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THE ANCIENT OF DAYS and THE SON OF MAN



 

While exiled in Babylon, a slave to a foreign power, Daniel prayerfully watched as “thrones were set in place, and the Ancient of Days took his seat. His clothing was white like snow, and the hair of his head like whitest wool. His throne was flaming fire; its wheels were blazing fire. A river of fire was flowing, coming out from his presence. Thousands upon thousands served him; ten thousand times ten thousand stood before him” (Daniel 7:9–10).

 

Wide-eyed, Daniel saw “one like a Son of Man … coming with the clouds of heaven. He approached the Ancient of Days and was escorted before him. He was given dominion and glory and a kingdom, so that those of every people, nation, and language should serve him. His dominion is an everlasting dominion that will not pass away, and his kingdom is one that will not be destroyed” (Daniel 7:13–14).

 

Who were these extraordinary beings? As Daniel gazed into Heaven’s royal chambers, who did he see? Isn’t it obvious?

 

Can we go to other inspired writing to cross-reference the “Ancient of Days”? No. Only to Daniel’s seventh chapter. Here, three times, Daniel writes this holiest of names: “Ancient of Days” (Daniel 7:9, 13, 22).

 

The “Ancient of Days” is the Ever-Existing Jehovah-God, Creator and Sustainer of life, the First and the Last, the Beginning and the End. He is the Almighty, Sovereign, All-Knowing and Ever-Present God. He is the One seen by Isaiah, seated on a high and lofty throne, and the hem of his robe filled the temple. Seraphim were standing above him; they each had six wings: with two they covered their faces, with two they covered their feet, and with two they flew. And one called to another: Holy, holy, holy is the Lord of Armies; his glory fills the whole earth” (Isaiah 6:1–3).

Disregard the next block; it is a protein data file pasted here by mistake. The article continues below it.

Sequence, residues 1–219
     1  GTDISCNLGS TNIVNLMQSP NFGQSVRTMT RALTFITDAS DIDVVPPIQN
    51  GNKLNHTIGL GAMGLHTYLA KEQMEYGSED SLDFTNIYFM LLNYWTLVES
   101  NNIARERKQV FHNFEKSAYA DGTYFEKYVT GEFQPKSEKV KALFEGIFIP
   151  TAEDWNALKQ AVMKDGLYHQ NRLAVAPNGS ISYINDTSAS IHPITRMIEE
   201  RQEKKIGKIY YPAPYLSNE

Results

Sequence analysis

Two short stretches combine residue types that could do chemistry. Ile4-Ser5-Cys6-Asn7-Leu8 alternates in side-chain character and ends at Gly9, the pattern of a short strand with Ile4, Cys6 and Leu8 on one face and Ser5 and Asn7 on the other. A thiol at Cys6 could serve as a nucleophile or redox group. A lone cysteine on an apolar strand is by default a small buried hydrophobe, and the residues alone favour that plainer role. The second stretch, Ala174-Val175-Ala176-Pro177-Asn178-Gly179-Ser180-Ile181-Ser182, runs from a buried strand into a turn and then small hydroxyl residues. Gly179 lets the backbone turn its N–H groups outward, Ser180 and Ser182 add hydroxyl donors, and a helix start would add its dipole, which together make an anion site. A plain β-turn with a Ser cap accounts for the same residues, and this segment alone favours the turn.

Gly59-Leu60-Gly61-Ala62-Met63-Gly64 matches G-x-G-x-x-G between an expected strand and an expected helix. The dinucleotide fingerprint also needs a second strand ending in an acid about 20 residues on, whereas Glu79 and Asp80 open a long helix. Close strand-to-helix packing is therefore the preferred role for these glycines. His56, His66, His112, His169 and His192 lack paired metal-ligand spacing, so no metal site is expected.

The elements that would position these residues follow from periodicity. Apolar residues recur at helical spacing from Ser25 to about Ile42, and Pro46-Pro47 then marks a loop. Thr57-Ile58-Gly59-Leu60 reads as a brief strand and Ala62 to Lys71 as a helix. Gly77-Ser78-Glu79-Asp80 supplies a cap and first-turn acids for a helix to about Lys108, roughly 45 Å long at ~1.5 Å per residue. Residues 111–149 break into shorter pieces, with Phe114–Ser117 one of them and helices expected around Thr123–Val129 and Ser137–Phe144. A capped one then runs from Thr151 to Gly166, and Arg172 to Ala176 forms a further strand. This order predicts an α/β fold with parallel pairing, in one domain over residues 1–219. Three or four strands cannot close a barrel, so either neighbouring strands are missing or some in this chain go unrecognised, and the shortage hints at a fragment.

His thundering voice was heard at the Jordan River. “You are my beloved Son; with you I am well-pleased” (Luke 3:22). Again, on the Mount of Transfiguration, creation heard the voice of the Father, “this is my beloved Son, with whom I am well-pleased. Listen to him!” (Matthew 17:5).

 

Daniel saw God. Daniel also saw the pre-incarnate Jesus, the Son of Man. The old prophet saw “one like a Son of Man.” He wasn’t merely a man, because no man could ever be given “an everlasting dominion.” Daniel saw the second person of the Godhead, the Son of God, the “Son of Man.”

 

There is but one God. The Triune God has always existed as one … and as three. The three exist in union with one another, yet their existence is distinct. Today we accept this by faith. One day, we’ll understand, for “we shall see him as he is” (1 John 3:2, ESV).

 




 

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